“Often, I still curse my mother. Because of that woman, my life has been wrecked.”
'But how could you do that (dedicate your daughters) when you were so angry with your own mother for dedicating you? You just said yourself this is undignified work.”
(“The Daughters of Yellamma,” in Nine Lives, William Dalrymple)
Back in February we celebrated Greg's birthday. We have a little tradition in formal moments at the office. When we celebrate someone (a birthday, going away party) we tell them what we like about them, out loud, in a group. A couple of rescued girls wanted to share about how they felt about Greg, after the cake was cut and the cards handed out.
“I don't have a father, Greg is like a father to me. He protects me. When it was New Years, he invited me to celebrate with his family, because I don't have a family. It was late, he dropped me at home because it wasn't safe outside. He cares about my safety.”
Suddenly she burst out crying uncontrollably. She hid her face in my lap. Greg and I exchange a look. The pain is hard to bear and difficult to prepare for. At the most normal of times, a birthday celebration, there is this huge, unexpected anguish. We are all there to share in it, accountant Jenitha, fundraiser Tanya, writer Susan, social worker Shanthi, and office cleaner Maniama. We sit quietly, and several women translate for us, since, after fifteen years Greg and I are still shamefully illiterate in Indian languages.
Greg's birthday had raised her memories of abandonment and lack of safety in her family. Perhaps her own family sold her and committed the ultimate betrayal, I don't know. I only know that for the girls who are rescued in Freedom Firm, Greg and the very few men in the organization become the good men, fathers and brothers they have not had. They are held as extremely precious, and prized above all relationships. As no human can live up to that kind of hero worship, it's also interesting to watch their immediate forgiveness when the “good men” are less than perfect.
How can parents sell their own children? While inconceivable to most of us, we know it's true and happens in our world today. A high school friend of mine in Georgia told me about a girl in her middle school who was being pimped by her mom. Middleschool. America. With our work rescuing girls for the last 15 years in India, stories of girls sold by their parents are far too frequent. I would say, a large percentage of the girls we rescue are sold directly to the brothel by their parents.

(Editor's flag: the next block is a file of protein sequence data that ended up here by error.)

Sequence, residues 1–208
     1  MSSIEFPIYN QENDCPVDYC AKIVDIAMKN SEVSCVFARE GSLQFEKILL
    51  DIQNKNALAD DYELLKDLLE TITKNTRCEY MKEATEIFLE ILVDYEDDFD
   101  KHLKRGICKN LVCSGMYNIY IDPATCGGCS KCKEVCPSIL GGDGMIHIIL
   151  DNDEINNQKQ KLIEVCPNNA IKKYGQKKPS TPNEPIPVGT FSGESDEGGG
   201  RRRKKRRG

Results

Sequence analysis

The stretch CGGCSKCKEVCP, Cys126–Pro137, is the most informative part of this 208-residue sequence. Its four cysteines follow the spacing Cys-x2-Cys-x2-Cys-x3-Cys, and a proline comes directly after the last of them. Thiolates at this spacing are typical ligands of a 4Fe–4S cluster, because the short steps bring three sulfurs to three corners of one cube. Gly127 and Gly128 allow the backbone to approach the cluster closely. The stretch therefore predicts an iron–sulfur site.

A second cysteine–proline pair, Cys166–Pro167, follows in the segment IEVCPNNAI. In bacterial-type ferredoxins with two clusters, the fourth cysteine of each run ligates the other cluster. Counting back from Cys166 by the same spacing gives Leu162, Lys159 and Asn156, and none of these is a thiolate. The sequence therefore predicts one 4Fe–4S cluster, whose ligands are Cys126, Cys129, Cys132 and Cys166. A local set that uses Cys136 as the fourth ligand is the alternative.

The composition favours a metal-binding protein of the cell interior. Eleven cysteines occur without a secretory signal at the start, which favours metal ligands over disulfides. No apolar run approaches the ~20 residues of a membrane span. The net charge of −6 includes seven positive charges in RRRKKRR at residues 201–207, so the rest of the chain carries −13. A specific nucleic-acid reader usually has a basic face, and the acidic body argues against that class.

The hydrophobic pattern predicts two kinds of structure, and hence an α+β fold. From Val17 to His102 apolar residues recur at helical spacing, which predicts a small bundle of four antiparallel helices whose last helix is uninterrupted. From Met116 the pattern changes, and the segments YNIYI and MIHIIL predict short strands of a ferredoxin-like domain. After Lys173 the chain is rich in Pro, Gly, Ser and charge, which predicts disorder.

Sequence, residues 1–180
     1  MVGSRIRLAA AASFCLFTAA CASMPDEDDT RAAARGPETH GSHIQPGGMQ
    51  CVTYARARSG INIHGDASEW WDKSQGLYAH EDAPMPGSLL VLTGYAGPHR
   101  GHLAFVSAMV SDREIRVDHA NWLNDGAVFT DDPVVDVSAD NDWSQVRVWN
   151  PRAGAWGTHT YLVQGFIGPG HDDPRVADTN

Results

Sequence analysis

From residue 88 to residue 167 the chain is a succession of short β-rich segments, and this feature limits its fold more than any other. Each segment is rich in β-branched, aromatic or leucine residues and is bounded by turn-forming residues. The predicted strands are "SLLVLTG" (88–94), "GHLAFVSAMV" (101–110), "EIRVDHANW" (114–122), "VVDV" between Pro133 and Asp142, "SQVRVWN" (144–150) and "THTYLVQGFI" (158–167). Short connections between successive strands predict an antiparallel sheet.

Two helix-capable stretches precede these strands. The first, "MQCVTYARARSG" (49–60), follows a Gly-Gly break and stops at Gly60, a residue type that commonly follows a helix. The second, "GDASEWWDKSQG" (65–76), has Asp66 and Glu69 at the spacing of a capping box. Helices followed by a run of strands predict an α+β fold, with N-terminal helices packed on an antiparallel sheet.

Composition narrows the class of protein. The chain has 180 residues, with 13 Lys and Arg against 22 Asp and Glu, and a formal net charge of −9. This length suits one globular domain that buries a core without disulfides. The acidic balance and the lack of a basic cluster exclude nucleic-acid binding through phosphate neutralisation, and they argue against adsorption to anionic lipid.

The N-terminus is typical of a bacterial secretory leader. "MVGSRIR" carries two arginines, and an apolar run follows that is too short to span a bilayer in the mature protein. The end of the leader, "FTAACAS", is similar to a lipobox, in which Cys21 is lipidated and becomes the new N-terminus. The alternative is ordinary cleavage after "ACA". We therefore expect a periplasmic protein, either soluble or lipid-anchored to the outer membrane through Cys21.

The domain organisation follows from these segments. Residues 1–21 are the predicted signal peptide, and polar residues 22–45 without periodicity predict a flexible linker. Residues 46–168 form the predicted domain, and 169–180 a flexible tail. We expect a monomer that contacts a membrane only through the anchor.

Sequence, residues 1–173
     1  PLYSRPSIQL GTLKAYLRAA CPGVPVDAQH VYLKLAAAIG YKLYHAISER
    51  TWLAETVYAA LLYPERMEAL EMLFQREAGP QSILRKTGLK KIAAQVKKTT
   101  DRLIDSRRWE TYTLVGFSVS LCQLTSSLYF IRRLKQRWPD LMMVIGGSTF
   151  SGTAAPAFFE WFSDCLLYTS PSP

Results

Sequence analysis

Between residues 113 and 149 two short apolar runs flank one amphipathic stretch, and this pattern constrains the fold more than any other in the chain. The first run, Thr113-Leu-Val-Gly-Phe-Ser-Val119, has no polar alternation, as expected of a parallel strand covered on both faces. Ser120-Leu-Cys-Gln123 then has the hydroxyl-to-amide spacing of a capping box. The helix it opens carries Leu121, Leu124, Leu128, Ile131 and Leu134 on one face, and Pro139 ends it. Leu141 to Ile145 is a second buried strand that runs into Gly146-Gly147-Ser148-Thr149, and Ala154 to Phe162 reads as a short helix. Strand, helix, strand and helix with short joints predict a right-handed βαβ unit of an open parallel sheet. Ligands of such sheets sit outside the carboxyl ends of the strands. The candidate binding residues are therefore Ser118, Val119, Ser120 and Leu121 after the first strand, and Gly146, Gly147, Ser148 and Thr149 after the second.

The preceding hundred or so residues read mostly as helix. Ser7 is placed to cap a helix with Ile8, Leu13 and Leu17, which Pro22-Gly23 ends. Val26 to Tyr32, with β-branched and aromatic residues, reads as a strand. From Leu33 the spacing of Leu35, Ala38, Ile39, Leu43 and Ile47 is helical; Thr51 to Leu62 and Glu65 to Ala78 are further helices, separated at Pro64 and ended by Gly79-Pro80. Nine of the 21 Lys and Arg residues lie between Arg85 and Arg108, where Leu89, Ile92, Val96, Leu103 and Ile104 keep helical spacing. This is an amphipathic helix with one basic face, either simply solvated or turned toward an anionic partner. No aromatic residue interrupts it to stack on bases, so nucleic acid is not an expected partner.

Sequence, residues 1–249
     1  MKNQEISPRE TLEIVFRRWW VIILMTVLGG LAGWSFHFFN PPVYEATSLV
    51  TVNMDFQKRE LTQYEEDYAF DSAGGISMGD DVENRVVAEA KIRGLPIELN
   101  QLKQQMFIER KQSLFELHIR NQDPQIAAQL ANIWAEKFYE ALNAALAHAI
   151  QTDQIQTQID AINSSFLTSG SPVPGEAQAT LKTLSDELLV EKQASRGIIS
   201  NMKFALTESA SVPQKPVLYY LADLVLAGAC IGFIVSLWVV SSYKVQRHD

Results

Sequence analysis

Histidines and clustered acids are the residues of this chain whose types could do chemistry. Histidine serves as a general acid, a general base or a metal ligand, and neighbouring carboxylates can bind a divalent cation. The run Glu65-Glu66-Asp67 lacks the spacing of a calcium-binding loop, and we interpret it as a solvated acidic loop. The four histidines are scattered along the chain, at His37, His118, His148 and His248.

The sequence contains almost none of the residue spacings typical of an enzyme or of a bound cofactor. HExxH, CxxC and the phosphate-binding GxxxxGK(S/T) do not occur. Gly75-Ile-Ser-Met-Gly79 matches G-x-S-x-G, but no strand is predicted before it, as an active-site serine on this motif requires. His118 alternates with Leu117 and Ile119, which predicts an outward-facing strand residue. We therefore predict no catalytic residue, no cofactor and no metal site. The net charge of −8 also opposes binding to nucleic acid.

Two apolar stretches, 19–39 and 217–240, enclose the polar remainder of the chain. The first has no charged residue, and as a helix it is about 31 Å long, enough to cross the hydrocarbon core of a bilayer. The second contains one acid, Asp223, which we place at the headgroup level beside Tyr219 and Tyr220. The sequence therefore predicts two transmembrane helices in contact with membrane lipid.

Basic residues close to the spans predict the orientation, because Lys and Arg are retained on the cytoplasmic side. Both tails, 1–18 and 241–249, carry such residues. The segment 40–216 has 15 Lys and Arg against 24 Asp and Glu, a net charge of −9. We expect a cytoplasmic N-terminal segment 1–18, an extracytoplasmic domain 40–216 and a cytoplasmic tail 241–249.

We have all heard of the economic pressures that can cause families to sell their children. Most of the time it is financial debt, or need for medical supplies, or fears that they cannot afford a decent wedding and dowry that create such an extreme crisis in the family that they may see no other solution.
But deeper and more insidious are the traditions in India that culturally and religiously sanction child prostitution. In the Devadasi system, girls are dedicated to the Goddess Yellamma by their parents at a very young age. Once the girl is married to the Goddess she cannot marry a mortal. While once part of the “temple” prostitution and dancing rituals, today the Devadasi system is simply a fast track to commercial sexual exploitation.
Women that are Devadasi may never “marry” but of course they do have children. The likelihood of their daughters becoming Devadasi as well is very high. Girls go through a marriage ritual at the age of six, dressed fully in bridal clothes and make up. Then they are free to grow up normally until puberty, when the mother arranges the rape of her daughter to the highest bidder, which is exactly what happened to her when she was little. Thus the custom is honored and passed through the ages from one generation to the next.
When asked “Why would you do something that hurts your daughter, when you hated what was done to you?” The mother will typically answer, “I had no choice.”
Marked out from other women by the 1000 year old tradition, scarred and brutalized by society's excuse for prostitution, and hardened by trauma and evil that at first they did not choose, Devadasi mothers do, in turn pass on, brand, scar, brutalize and sell their own daughters, who, in turn will do the same to their daughters, creating generation after generation of husbandless outcastes. They will say to their daughters, “This is your dharma, your duty, your work. It is inauspicious to cry.” (Daughters of Yellama, Dalrymple)
It is impossible to explain further, except to point you to a deeper research of Hinduism and the customs it has created in order to keep society in different stratas, or castes. So the Devadasis are really a caste of prostitutes, just as there are also castes of shoemakers, candlemakers and leatherworkers.
Breaking out of that belief system is almost impossible. Mothers sell their daughters because they don't see an alternative. No one will marry their daughters. How can they make a living? They have to eat.
I think a huge part of what we are doing here in Freedom Firm is providing alternatives. Saying, no, actually, there are other choices you can make. Your daughter can study. Your daughter can make jewelry, your daughter can break free. You don't have to sell your daughter. Isn't that what we, the privileged, the casteless, can do?
In the meantime, we act as surrogate parents to the girls who pass through our care, and every now and then glimpse the awesome responsibility of bearing that privilege.
Greg with Reha's son, Ashish